Here’s a hackneyed, half-remembered story from the former America: Teddy Kennedy was 30 years old and running for his first term in the Senate, with no qualifications other than a rich father and an older brother who happened to be president of the United States. In a debate, his opponent sneered: “This man has never worked a day in his life!” Next morning, Kennedy was shaking hands at a factory gate as the men came off their shift. As Kennedy told the story later, a worker leaned toward him and confided: “You ain’t missed a goddamn thing.”
It was cunning blarney on Teddy’s part, a nice dodge, a flash of his grandfather Honey Fitz, the former mayor. Teddy proposed an idea of work as meaningless toil— except that, as the Irish knew, the work wasn’t meaningless. It might be first-generation or second-generation immigrant work, the apprentice drudgery of people starting up the ladder: the hod-carrying, the ditch-digging, the kitchen labor. It was grindingly hard work that had the most profound meaning. Survival was the meaning. The Protestant work ethic had made an earlier landfall in America and sanctified work and turned it into vocation, linking human labor to God’s will. Later immigrants didn’t need the Puritan theology. They knew that the ladder itself was the thing—you had to get a foot on the first rung. The hardscrabble, rural, Scotch-Irish way of putting it was “Root, hog, or die!”
Teddy’s factory worker was almost certainly supporting a household—wife and children— paying the rent and the grocery bills and the doctor bills, struggling to get everyone up onto the next rung. There was a rough nobility in the struggle. There was, beneath the surface, a grim pride in saying, “You ain’t missed a goddamned thing,” because it meant, “It’s tough but I’m tough enough to do it. I’m supporting a family and meeting my responsibilities as a man.” If you looked at the Kennedys as the gleaming ideal of American evolution (as people used to do), you’d see that old Joe Kennedy worked hard, as his immigrant father had before him, in order to lift his children up into higher realms of American society and money and power—and public service.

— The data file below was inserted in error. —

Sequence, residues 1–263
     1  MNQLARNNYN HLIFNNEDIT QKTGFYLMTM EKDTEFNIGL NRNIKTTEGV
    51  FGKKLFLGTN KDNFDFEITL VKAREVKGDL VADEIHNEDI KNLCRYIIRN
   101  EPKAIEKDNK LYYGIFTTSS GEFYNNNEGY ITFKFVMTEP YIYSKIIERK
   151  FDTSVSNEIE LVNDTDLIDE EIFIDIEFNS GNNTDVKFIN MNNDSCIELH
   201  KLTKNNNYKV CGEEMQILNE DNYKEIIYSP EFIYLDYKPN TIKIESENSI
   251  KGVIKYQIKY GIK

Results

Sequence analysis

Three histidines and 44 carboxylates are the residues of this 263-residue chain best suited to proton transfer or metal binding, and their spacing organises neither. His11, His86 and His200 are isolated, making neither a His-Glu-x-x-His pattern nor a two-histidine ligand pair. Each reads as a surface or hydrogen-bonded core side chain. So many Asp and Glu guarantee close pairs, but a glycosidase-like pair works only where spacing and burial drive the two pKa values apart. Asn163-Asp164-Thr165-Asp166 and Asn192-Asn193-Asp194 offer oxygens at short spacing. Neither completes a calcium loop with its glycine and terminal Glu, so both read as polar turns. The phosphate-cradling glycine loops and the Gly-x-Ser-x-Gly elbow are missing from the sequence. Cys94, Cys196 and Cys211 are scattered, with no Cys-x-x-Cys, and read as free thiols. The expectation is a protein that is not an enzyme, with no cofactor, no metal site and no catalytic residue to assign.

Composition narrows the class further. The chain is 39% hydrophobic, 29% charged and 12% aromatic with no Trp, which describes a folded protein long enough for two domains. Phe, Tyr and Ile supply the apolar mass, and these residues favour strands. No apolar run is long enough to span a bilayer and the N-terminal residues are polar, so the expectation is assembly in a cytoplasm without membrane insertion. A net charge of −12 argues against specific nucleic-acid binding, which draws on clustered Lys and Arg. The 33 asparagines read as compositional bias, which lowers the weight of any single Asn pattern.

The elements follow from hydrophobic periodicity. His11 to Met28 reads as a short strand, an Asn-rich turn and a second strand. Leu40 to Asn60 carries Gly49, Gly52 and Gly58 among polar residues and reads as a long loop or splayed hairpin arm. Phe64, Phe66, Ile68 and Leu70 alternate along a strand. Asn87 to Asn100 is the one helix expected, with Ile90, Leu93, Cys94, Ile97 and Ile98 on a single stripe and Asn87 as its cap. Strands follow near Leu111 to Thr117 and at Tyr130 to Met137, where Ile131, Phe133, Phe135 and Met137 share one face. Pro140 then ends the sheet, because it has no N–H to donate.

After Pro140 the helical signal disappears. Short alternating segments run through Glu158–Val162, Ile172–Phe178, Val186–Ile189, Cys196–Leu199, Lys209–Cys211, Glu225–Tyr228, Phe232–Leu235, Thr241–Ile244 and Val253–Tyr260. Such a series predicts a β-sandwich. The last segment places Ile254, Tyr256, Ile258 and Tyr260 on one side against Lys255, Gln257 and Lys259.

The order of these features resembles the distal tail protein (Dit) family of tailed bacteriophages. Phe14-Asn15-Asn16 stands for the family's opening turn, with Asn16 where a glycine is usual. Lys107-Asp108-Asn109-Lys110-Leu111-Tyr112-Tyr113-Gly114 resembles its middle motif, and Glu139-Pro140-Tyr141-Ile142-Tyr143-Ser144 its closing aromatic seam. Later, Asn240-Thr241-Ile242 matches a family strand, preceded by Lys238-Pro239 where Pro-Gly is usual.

Joe Kennedy was sometimes subtly contemptuous of his own work, which was not hod-carrying but Wall Street and Hollywood buccaneering: maybe a little sharp and a little crooked, before he took government jobs as FDR’s chairman of the SEC and ambassador to Great Britain, but it was the means of tribal ascent. That was the important thing: the ascent. How could the old man have known about the catastrophes that lay in wait to kill Joe Jr. and Kick—his second daughter, Kathleen—or the assassins who would take Jack and Bobby? If he had known the price, would he have worked so hard and wanted so much? Maybe the Kennedys are too melodramatic an example to be useful.
What, after all, does hard work have to do with happiness? If hard-work-brings-success was the old model, what do we say about the Great Resignation going on now, when people seem to be rethinking the subject of work and what it is all about—when Help Wanted signs dot every other window, when so many workers decline to go back to their pre-pandemic jobs? The entire country seems short-staffed. Waiting lines grow longer; there aren’t enough clerks or nurses or plumbers or whatever. On the phone, you wait on hold for half an hour in hope of a human voice. Along the New York State Thruway as the snow season closes in, electronic billboard messages beg for men to sign up to “help your neighbors” by driving the snowplows. What will we do when the blizzards come and the drivers don’t show up?
Andy Kessler of the Wall Street Journal asks, “Where did everyone go? This in an economy with 11.2 million job openings. It’s mostly men 25 to 54 who haven’t come back to work. Now a McKinsey study suggests that 40% of workers are thinking of quitting their jobs. Does anyone want to work anymore?” How come? Kessler has a guess: “Too many got a taste of not working and liked it. A lot.”
Does the Great Resignation propose a new model—an idea of work, and even of America itself, that dissents from the classic idea of work? Are we on the threshold of a post-work America, some hybrid of Polynesian indolence and Hayek’s serfdom? Or is what we see, rather, merely one of the many readjustments that the pandemic has brought upon us?
These are interlocking phenomena: 1) People finding new ways of working (doing it from home, via Zoom calls, for example—a huge change with a thousand ripple effects); and 2) People dropping out and not working at all.
Elderly Americans remember “Tune In, Turn On, Drop Out,” a mantra of refusal that noised around in the 1960s. Not working for The Man and the System would be the first step toward enlightenment. For some, the approach opened doors to creativity, but many who persisted and turned it into a lifestyle wound up in the ditch. The Great Resignation of the 2020s is, in any case, similarly based on the assumption that, unlike Teddy Kennedy’s worker at the factory gate, the dropout of today won’t have too much trouble surviving if he quits. He will have ways of getting along, with Biden-era benefits and bailouts and cushions. (The cushions may be on the daybed in his parents’ basement. It’s tougher to drop out if you have a family of your own to support.)